Joanna Arnow on ‘Provocative’ Directors’ Fortnight Debut

Joanna Arnow is understandably pressured. The author/director/actor is recovering from a protracted bout of COVID and about to premiere her narrative function debut, “The Feeling That the Time for Doing Something Has Passed,” within the Directors’ Fortnight part at Cannes. “Having COVID while trying to finish this is such a crunch,” she says.

On the one hand, she shouldn’t be too nervous. Indie movie sensation Sean Baker is exec producing it, and she or he received a Berlinale Silver Bear Jury Prize for her 2016 quick “Bad at Dancing.” Her semi- and absolutely autobiographical works have passionate admirers like Andrew Bujalski and Baker. “When he saw ‘Dancing,’ he wrote me a kind message about it and stayed in touch,” Arnow says.

But she additionally has detractors like New York Times critic Jeannette Catsoulis, who described Arnow’s 2013 autobiographical and darkly comedian documentary “i hate myself :)” as “whiny,” and referred to as her apparently emotionally abusive relationship along with her then-boyfriend “a pretty standard sadomasochistic setup, only without the kinky accouterments.”

That could have been prescient. In “Feeling,” she portrays a glum New Yorker in an ongoing BDSM relationship with an older man, performed by Scott Cohen (“The Americans”), together with different lovers. When requested to explain it in her personal phrases, she primarily repeats the press notes’ description of her character’s “low-level corporate job and quarrelsome Jewish family.” The characters primarily communicate with a flat have an effect on and say precisely what’s on their minds, revealing the hidden meanings and absurdity behind regular conversations.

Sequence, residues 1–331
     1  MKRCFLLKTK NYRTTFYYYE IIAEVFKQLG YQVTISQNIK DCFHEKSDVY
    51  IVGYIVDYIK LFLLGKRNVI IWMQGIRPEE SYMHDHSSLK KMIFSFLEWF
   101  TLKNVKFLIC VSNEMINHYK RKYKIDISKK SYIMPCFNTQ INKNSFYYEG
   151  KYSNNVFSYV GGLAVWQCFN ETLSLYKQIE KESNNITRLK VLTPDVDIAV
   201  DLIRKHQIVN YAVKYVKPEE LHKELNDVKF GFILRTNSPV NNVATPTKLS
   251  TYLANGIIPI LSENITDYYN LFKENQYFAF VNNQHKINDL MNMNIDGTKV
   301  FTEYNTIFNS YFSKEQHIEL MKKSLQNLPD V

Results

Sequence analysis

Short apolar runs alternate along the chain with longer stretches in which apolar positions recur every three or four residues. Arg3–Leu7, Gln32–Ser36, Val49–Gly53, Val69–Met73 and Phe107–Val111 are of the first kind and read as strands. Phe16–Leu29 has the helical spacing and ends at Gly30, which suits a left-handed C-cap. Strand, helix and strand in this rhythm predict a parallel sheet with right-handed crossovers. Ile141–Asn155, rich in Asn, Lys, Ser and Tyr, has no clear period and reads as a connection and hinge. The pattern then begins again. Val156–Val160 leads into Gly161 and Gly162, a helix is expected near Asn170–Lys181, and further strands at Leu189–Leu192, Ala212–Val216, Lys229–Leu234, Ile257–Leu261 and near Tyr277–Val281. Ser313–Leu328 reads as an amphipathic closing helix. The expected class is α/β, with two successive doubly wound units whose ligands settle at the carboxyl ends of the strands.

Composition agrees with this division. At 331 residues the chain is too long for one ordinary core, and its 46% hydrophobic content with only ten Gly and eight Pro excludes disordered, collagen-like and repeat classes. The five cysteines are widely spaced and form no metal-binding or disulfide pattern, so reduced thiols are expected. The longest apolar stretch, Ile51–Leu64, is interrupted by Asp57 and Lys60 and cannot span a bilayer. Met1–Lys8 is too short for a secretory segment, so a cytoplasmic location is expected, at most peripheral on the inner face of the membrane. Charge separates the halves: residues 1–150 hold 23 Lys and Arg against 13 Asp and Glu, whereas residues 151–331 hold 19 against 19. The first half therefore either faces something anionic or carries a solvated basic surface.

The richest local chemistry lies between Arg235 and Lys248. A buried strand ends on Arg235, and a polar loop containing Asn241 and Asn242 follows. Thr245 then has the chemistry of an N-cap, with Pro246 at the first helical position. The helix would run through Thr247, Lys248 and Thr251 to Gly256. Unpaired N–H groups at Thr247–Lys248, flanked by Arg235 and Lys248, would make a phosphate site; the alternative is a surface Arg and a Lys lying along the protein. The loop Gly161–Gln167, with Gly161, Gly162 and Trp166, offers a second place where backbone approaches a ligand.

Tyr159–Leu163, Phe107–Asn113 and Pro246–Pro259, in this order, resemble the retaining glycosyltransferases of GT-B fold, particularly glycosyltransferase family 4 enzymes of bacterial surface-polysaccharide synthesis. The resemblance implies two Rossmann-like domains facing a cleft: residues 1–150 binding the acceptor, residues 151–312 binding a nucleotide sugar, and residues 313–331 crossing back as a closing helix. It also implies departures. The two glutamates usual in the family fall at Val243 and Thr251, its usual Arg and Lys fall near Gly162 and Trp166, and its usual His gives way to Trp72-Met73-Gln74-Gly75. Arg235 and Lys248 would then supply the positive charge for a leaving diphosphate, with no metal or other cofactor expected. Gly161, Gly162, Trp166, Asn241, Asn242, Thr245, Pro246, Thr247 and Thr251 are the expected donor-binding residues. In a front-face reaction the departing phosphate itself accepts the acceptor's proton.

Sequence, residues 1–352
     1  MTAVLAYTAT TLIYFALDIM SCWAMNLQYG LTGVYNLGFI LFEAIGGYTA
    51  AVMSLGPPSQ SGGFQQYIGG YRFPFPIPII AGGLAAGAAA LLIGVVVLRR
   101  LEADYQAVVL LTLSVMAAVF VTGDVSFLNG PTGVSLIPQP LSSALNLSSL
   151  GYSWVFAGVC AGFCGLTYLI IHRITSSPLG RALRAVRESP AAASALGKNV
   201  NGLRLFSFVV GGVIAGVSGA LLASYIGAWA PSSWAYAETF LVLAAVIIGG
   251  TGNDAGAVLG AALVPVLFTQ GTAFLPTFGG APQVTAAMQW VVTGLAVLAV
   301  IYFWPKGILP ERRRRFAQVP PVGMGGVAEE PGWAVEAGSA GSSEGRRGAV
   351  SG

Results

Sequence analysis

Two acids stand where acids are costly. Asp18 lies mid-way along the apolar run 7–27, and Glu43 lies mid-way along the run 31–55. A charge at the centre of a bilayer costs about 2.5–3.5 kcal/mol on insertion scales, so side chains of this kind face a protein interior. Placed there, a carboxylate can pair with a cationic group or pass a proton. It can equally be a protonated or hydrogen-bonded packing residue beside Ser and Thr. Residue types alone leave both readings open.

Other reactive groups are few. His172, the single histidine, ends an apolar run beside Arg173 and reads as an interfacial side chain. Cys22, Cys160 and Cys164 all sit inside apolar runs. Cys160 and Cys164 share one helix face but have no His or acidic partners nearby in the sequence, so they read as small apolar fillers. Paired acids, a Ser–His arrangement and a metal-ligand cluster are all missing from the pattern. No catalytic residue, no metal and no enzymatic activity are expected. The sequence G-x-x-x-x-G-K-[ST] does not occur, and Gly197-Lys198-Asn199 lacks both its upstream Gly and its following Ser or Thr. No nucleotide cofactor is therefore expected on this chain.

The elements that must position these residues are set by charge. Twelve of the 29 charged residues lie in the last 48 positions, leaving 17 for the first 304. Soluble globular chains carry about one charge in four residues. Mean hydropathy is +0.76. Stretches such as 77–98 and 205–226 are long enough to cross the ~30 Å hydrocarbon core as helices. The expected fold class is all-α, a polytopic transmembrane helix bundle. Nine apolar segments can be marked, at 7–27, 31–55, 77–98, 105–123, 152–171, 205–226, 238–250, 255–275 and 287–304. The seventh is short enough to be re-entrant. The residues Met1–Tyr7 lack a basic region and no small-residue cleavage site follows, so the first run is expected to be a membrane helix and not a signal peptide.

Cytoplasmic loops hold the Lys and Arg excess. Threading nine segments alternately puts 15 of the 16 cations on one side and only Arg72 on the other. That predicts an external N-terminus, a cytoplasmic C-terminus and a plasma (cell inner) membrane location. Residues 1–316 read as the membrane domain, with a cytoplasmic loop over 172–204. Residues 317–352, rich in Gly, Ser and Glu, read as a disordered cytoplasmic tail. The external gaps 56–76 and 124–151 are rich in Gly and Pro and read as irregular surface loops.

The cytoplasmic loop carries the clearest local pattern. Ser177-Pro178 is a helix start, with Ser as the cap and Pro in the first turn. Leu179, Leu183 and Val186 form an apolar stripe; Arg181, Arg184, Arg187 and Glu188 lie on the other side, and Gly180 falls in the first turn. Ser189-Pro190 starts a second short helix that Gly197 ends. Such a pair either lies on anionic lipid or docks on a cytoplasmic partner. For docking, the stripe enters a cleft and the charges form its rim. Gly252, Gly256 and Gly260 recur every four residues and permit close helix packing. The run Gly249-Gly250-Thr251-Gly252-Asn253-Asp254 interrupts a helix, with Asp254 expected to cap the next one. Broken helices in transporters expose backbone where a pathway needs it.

Why did Arnow forged her non-actor mother and father, seen in her 2013 doc recoiling from footage of her having intercourse, as her character’s mother and father? “They’re not playing themselves, but it’s reflective of the auto-fiction style of the film, with me playing a version of myself as well,” she says. “I like to make films that draw on personal experiences. I developed this deadpan, self-deprecating, humorous character [in ‘Dancing’], and playing a version of myself lent it a kind of authenticity and idiosyncrasy that was helpful.”

She has been in comparison with Lena Dunham, who additionally has an affinity for auto-fictional explorations of dysfunctional relationships, casting relations, onscreen nudity and utilizing uncomfortable conditions for comedian impact, although Arnow’s earlier movies are clearly extra surreal and experimental. “I admire [Dunham’s] trailblazing work, but think our work is very different and don’t really understand or appreciate the comparison,” she says. “I hope, as more women direct films, that will give other female filmmakers a broader group of women to be compared against. We also don’t only have to be compared to each other.

“I don’t try to be provocative for the sake of being provocative,” she provides. “The sexuality and nudity are used to explore aspects of being in a relationship, essential parts of the stories I’m trying to tell.” And if some discover her characters annoying, that’s OK along with her. “It’s important for people to be able to be depicted as flawed characters that don’t necessarily have to be ‘good,’ but portrayed on screen with a full range of humanity.”

A lifelong Brooklynite, Arnow studied movie at Wesleyan, does freelance manufacturing work and lately left her day job at a pharmaceutical firm. Her major targets? “I’d like to have a sustainable lifestyle as a filmmaker and writer that allows me to work on projects that I’m excited about.” She’s open to engaged on extra mainstream movies or TV exhibits within the vein of “The White Lotus,” and is on the lookout for an agent.

“I think progress is being made for women and underrepresented groups in the film industry, but there’s a long way to go,” she says. “People weren’t beating down my door to fund my films, and it’s been a long road to getting my first feature. I hope [this film] contributes to a more varied representation [of women] in its own small way.”

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